Blind Tiger Gin & Fever Tree Tonic at Dr. Fern’s Gin Parlour ($175)
Shop B31A, First Basement Floor, Landmark Atrium, 15 Queen’s Road Central, Central
If you have yet to find your favourite Gin and Tonic, try this one. Dr. Fern’s Gin Parlour is a newly opened speakeasy that occupies a discreet location at the Landmark. As its name suggests, it is gin-focused, housing a whooping 250 types of gin to entertain bar-goers. Their Gin and Tonics are made with heart – the tall Collin glass and the gin are both cooled and ice is added to the drink only at the very end, promising a drink that has a concentrated aroma and flavours not quickly thinned down by the melting ice. The pictured Gin and Tonic is garnished with lime zest and rosemary, making the drink even more refreshing.
Deep-fried Boneless Chicken, Stuffed with Glutinous Rice and Dried Shrimps at Man Hing of Greater China Club ($488 for members; $528 for non-members)
Unit A, 10/F, D2 Place One, 9 Cheung Yee Street, Lai Chi Kok
Celebrating the nostalgic Cantonese dishes, the restaurant with art-deco design has recently launched a dedicated menu to bring attention to these disappearing gems. Among the classic dim sums and seafood dishes, our favourite is the Deep Fried Boneless Chicken where the chef stuffs the glutinous rice in the chicken’s stomach, air-dries it and bastes it with hot oil to achieve crispy skin. It is sumptuous as it is delicious.
French Toast at Bread, Espresso & ($68)
G/F, Tak Sing Alliance Building, 115 Chatham Road South, Tsim Sha Tsui
The beloved bakery from Tokyo’s Omotesando has recently landed in Hong Kong, bringing with it its signature French Toast. Made with its homemade bread, and smothered with egg sauce prepared with their secret recipe, the toast is pan fried on sizzling pan to order. The texture is delicate, moist and fluffy, and the experience is topped up by the complementing Italian honey. The French Toast is limited to 30 portions per day and available only from 3pm, explaining the long queue outside the shop every 3pm almost everyday.
Kagoshima Chicken Dobin-mushi Soup with Morel Tsukune at Zuma ($120)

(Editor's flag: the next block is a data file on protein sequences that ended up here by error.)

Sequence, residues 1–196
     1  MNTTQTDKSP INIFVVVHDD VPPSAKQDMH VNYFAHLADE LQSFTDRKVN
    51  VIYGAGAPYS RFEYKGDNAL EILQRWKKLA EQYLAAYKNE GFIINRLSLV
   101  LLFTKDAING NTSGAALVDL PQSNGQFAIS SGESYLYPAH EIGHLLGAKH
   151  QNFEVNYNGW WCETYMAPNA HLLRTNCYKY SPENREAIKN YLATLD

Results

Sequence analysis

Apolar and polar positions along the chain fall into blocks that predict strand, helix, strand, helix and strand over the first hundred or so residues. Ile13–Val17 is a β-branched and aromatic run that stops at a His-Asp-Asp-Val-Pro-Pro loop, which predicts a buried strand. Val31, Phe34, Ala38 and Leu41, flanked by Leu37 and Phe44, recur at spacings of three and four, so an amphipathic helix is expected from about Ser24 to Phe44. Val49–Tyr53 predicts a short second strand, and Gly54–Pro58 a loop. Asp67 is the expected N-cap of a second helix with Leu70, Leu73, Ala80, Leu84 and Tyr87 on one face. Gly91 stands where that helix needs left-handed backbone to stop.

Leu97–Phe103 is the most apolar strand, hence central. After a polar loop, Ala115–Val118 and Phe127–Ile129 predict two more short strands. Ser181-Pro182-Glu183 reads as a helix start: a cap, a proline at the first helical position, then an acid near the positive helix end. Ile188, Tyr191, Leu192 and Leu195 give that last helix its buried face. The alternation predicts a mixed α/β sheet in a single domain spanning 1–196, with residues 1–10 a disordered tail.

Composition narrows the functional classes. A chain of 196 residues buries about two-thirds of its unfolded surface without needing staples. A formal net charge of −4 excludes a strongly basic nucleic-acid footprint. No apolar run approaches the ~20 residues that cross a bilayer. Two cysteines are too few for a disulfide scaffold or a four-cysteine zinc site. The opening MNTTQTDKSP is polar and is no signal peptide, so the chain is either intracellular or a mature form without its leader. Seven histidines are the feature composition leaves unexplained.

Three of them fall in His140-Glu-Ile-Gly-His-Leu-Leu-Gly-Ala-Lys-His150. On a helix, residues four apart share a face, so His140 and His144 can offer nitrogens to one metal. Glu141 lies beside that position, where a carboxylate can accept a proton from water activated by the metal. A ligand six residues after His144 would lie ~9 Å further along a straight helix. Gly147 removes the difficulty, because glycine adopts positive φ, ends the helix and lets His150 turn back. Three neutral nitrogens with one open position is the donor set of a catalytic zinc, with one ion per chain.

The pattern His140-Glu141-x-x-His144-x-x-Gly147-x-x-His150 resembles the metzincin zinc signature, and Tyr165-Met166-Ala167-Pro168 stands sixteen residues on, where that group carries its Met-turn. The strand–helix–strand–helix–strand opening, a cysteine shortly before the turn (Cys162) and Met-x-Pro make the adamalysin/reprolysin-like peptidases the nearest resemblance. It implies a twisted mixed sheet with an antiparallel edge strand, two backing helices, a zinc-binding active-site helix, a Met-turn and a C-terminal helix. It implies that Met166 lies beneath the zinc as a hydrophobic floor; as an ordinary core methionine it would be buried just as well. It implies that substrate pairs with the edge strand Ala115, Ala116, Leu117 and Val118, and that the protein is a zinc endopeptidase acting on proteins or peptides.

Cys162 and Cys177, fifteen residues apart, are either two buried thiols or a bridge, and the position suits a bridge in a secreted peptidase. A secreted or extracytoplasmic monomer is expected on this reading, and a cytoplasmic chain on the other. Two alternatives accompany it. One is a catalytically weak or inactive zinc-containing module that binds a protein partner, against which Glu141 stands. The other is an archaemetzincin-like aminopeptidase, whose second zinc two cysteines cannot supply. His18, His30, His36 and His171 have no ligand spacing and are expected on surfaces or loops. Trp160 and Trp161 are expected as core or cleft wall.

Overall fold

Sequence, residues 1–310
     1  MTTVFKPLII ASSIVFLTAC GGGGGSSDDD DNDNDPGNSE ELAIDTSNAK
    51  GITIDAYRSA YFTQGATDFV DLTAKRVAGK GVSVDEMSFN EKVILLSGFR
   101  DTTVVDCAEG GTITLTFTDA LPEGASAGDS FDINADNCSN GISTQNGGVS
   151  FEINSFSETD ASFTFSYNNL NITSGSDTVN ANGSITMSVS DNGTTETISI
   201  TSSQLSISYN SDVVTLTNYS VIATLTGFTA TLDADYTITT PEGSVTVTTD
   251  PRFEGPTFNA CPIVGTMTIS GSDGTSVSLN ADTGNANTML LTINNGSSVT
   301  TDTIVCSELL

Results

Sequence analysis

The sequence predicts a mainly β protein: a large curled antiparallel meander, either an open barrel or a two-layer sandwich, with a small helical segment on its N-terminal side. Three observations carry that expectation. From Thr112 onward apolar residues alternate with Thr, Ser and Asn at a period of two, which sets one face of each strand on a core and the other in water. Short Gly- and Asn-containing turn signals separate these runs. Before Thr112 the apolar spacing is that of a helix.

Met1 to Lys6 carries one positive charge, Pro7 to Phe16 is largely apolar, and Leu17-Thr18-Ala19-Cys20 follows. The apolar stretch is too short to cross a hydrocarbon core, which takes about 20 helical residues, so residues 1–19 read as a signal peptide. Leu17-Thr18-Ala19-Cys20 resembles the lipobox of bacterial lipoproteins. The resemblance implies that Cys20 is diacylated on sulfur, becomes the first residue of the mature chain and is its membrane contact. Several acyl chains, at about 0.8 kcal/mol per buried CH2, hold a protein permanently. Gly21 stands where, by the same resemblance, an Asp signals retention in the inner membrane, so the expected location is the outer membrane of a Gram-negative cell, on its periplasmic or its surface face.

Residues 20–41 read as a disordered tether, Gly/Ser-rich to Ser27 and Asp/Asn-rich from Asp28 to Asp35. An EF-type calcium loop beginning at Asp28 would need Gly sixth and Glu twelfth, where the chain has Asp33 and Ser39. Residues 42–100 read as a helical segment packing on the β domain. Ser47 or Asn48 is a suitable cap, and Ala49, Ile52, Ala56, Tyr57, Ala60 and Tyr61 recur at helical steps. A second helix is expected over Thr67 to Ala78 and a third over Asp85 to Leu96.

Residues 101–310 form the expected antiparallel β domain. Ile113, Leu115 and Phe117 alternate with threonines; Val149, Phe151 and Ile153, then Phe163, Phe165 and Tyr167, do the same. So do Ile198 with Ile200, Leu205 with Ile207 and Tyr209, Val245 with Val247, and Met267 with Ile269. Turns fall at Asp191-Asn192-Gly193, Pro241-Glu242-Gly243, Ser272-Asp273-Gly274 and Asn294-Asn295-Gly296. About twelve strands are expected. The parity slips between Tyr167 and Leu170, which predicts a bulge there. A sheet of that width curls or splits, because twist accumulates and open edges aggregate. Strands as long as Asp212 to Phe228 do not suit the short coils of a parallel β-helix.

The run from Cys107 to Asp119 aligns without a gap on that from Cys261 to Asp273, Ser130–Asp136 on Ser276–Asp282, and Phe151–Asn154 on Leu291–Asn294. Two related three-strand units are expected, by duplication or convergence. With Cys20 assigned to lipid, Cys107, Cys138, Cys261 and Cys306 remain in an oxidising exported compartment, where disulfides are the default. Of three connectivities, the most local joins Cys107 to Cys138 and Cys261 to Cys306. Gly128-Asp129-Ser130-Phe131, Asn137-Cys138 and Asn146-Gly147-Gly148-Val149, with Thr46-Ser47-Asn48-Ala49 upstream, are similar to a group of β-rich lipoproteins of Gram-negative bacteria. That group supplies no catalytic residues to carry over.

Level 5 & 6, 15 Queen's Road Central
Zuma’s new spring menu attracts eye-balls with this very Instagram-worthy soup, where the chicken mushroom soup at the bottom vask of the syphon is heated up and forced up to the upper vask to mix with the katsuobushi (dried fish) and herbs. When the soup returns to the lower vask, which the whole process takes around 15 seconds, it is ready to serve. The result of this theatrical operation is a bowl of umami-packed, oil-free goodness.
Marian Beke's Concoctions at Lobster Bar ($120)
6/F Island Shangri-la Hong Kong, Pacific Place, Supreme Court Road, Central
The bar scene in Hong Kong is heating up with guest mixologists visiting the city from around the world from time to time. This round, we are thrilled to have Marian Beke of The Gibson, London, make a guest appearance here. The Gibson is considered one of the best bars by many and Beke’s concoctions are loved for its all round experience that takes ingredients, garnishes, the vessels and the way the drinks are served into consideration. During his stay from 11 to 14 May, he will conjure up five creations. Beyond the Pines is a combination of Chivas Regal 12 with fir resin infusion, wasabi and matcha paste. Tea Time with Alice plays with Absolut Elyx Vodka with rhubarb and milk oolong. All promise to amuse with creative combinations.
Risotto with Veal Bone Marrow and Saffron at Si Simply Italian ($178)
Shop G03, G/F, D2 Place TWO, 15 Cheung Shun Street, Lai Chi Kok